The Battle Is On!
Join the fight against deep poverty and homelessness in San Angelo.
If you are not angry, then you are not paying attention!
The Ecclesia is Rising!
We must learn new ways of shaping the world together.
What Is It?
Deep poverty is living on less than $6,000 a year, or raising a child alone on roughly $7,600. More than 5,000 adults and children in San Angelo get by on that or less each year. But focusing solely on income obscures the real and complex picture of the poorest of the poor.
A Complex Problem
They live in deep and persistent poverty which is a chronic state characterized by multiple, serious challenges that can include addiction, disabilities, chronic illness like asthma or homelessness. All of these can stand in the way of their being able to hold down a job. And it’s a place where they can get stuck, generation after generation, where their is no safety net to move them up and out. They are the most difficult group to reach and there are no easy solutions. They also are not the focus of major antipoverty efforts.
Three-quarters of deeply poor adults in San Angelo have not worked in the past year. Their obstacles to work are complex and feed into one another: unstable housing, unreliable child care, lack of education, criminal records, or mental and physical health problems that aren’t severe enough to qualify for disability benefits but that can limit steady work.
In 2017, more than 500 people will experience an episode of homelessness, including people with mental and physical disabilities, substance abuse problems, unemployment, lack of affordable housing, and domestic violence. People experiencing an episode of homelessness can be divided into three distinct segments: able; unable; and resistive.
The ‘able’ homeless are temporarily without a home and need things like rapid rehousing to get back on their feet. The City of San Angelo does not have an adequate stock of low-income affordable housing. In 2017, San Angelo needs an additional 5000 affordable low-income housing units. But who’s going to build them and where?
The ‘unable’ are the chronic homeless (includes sheltered/unsheltered singles, couples and children living in deep poverty) who often suffer mental illness or other ailments. These are people who have already experienced a high degree of instability and need permanent supportive housing linked to intensive services in a cooperative co-living environment.
The ‘resistant’ have likely been on the streets longer and don’t want help but will take the clothes off your back and the food out of your mouth if you let them. This may sound harsh but these are the poele who “work the system” and are happy to do so as long as there is no personal accountability. The best way to help them begins with relationship building.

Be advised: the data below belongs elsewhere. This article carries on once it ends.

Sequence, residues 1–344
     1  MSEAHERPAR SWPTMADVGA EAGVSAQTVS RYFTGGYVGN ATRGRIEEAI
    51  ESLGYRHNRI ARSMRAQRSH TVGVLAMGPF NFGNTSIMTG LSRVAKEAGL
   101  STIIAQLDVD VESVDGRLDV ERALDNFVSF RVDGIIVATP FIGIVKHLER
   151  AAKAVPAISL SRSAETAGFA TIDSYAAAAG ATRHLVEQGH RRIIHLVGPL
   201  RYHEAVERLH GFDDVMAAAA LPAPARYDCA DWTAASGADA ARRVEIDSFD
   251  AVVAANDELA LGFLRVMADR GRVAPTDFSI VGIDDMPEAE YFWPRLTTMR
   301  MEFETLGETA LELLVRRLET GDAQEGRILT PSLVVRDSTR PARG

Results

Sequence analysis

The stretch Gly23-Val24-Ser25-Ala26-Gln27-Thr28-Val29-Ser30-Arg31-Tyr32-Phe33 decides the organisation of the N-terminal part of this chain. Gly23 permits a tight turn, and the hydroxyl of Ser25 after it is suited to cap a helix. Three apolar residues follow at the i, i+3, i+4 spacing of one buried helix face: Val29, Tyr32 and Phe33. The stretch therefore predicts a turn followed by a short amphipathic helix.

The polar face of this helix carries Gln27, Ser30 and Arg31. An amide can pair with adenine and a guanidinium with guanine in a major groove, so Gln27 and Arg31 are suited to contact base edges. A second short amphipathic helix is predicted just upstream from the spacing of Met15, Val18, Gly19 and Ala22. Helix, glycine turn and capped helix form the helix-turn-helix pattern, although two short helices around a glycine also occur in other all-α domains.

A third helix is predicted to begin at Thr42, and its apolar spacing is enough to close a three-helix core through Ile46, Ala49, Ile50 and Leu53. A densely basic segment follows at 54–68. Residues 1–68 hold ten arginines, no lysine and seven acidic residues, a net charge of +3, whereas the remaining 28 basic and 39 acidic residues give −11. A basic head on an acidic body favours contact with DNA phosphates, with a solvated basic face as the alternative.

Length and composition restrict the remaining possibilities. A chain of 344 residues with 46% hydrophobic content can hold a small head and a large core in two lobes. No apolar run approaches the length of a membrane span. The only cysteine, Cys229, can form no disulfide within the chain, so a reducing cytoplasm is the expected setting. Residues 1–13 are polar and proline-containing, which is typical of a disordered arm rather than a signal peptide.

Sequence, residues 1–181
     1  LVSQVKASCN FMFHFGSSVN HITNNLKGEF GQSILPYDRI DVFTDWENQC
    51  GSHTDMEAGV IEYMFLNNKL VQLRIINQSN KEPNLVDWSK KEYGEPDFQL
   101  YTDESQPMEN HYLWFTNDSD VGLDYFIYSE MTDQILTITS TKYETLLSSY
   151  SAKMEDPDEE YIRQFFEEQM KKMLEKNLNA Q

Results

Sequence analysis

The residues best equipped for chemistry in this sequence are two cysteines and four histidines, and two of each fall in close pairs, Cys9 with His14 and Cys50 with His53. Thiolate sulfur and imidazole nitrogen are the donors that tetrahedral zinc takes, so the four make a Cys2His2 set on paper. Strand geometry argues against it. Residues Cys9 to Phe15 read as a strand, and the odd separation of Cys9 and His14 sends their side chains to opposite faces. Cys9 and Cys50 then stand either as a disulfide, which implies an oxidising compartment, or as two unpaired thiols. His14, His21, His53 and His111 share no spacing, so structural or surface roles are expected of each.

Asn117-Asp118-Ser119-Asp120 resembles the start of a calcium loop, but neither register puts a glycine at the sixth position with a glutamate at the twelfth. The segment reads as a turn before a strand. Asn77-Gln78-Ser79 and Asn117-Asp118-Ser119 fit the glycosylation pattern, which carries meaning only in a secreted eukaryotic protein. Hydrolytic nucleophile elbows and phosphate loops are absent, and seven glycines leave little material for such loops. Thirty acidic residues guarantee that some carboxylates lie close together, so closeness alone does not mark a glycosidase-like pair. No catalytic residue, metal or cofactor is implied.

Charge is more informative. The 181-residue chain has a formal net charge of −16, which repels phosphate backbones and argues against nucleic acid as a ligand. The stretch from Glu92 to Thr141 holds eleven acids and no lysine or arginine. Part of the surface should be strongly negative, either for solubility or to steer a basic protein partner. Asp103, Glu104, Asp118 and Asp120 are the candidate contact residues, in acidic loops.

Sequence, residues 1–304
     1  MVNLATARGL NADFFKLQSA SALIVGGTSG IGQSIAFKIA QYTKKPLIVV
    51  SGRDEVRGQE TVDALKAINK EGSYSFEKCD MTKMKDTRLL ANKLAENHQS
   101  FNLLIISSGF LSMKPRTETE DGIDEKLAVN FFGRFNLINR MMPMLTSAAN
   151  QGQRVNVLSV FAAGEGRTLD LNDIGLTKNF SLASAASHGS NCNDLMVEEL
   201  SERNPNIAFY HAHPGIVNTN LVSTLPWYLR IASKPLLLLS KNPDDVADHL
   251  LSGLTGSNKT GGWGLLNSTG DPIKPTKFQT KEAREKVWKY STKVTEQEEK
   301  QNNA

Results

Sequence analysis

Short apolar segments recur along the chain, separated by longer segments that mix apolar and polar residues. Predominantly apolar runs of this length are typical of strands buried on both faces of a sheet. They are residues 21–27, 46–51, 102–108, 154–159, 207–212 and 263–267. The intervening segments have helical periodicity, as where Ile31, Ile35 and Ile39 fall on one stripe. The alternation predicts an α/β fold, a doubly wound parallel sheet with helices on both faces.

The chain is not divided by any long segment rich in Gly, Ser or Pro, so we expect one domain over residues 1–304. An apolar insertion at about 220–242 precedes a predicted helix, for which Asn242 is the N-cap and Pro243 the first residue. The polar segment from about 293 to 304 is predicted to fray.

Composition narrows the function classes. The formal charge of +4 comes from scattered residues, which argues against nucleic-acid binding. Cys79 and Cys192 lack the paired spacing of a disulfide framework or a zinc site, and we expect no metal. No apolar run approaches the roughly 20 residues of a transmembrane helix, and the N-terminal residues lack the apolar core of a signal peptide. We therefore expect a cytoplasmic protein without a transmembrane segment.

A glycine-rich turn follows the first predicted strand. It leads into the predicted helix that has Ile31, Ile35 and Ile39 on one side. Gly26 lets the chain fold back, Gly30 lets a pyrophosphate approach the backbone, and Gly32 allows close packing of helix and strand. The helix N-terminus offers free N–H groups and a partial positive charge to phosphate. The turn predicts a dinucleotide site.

On any given day in San Angelo, there are over 5000 people living in deep and persiatant poverty. They are the ones who are the most vulnerable, the most powerless, the most voiceless and those excluded by society.
Roughly 35% of people living in deep and persistent poverty are able to recover and regain stable housing with temporary assistance from friends, family or social services. People in this group are typically experiencing a short-term financial crisis – lost a job or recently divorced, for example – but are able to attain sufficient resources and , with assistance, can re-establish their financial viability within about 12-18 months. They can best be serviced through rental assistance, utility payments and basic needs in the short term.
The biggest group of people living in deep and persistent poverty ( about 55%) will require supportive services at a variable length of time at different intervals, but will likely be long-term, if not lifelong. These are people who have histories of mental illness and substance abuse and/or physical disabilities who are willing and capable of participating in treatment and who, if afforded supportive services related to employment and housing, can maintain both. They will remain more stable if at least case management is maintained.
The final 10% of those living in deep and persistent poverty will require extensive services for the rest of their lives, even after they are housed. This group is composed of individuals who are seriously compromised by severe mental illness, intractible substance abuse, physical disabilities or mental retardation and typically have been instritutionalized at some point in their lives. Services to this group must be lifelong and highly structured.
San Angelo’s safety-net system has proven powerless
Daily struggles and impoverished living conditions of our neighbors are rooted in our collective inability to address their needs. For individuals with mental health or substance abuse issues, for people leaving prisons and jails, and for teenagers exiting the child welfare system – emotional fragility, lack of assets, poor social skills, or traumatic past histories undermine their well-being and ability to move forward in their lives. Combining these with poverty and isolation creates an almost insurmountable challenge.
Run by some of the city’s most respected nonprofit providers, San Angelo’s provides clients with a wealth of support services: medical health care, mental health care, employment training, childcare, substance abuse treatment, GED preparation, and – most importantly – help accessing San Angelo’s scarce supply of subsidized and supportive housing. And yet, despite all these impressive resources, care and expertise, San Angelo’s safety-net system has proven powerless in eliminating homeless and reducing material poverty that abounds in San Angelo..